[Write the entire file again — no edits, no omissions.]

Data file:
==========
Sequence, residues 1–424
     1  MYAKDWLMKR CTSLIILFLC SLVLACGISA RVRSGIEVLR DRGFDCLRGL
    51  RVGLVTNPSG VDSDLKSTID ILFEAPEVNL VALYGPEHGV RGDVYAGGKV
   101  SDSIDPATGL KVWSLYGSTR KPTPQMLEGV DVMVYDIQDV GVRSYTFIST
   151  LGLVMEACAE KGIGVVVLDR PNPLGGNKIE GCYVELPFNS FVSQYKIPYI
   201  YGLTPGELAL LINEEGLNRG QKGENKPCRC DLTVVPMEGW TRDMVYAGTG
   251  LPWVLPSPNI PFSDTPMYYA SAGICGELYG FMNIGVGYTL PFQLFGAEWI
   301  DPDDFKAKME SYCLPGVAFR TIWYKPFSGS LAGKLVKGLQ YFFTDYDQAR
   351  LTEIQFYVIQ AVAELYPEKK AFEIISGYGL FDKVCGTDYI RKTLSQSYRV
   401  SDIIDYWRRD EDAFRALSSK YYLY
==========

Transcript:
Sequence, residues 1–424
     1  MYAKDWLMKR CTSLIILFLC SLVLACGISA RVRSGIEVLR DRGFDCLRGL
    51  RVGLVTNPSG VDSDLKSTID ILFEAPEVNL VALYGPEHGV RGDVYAGGKV
   101  SDSIDPATGL KVWSLYGSTR KPTPQMLEGV DVMVYDIQDV GVRSYTFIST
   151  LGLVMEACAE KGIGVVVLDR PNPLGGNKIE GCYVELPFNS FVSQYKIPYI
   201  YGLTPGELAL LINEEGLNRG QKGENKPCRC DLTVVPMEGW TRDMVYAGTG
   251  LPWVLPSPNI PFSDTPMYYA SAGICGELYG FMNIGVGYTL PFQLFGAEWI
   301  DPDDFKAKME SYCLPGVAFR TIWYKPFSGS LAGKLVKGLQ YFFTDYDQAR
   351  LTEIQFYVIQ AVAELYPEKK AFEIISGYGL FDKVCGTDYI RKTLSQSYRV
   401  SDIIDYWRRD EDAFRALSSK YYLY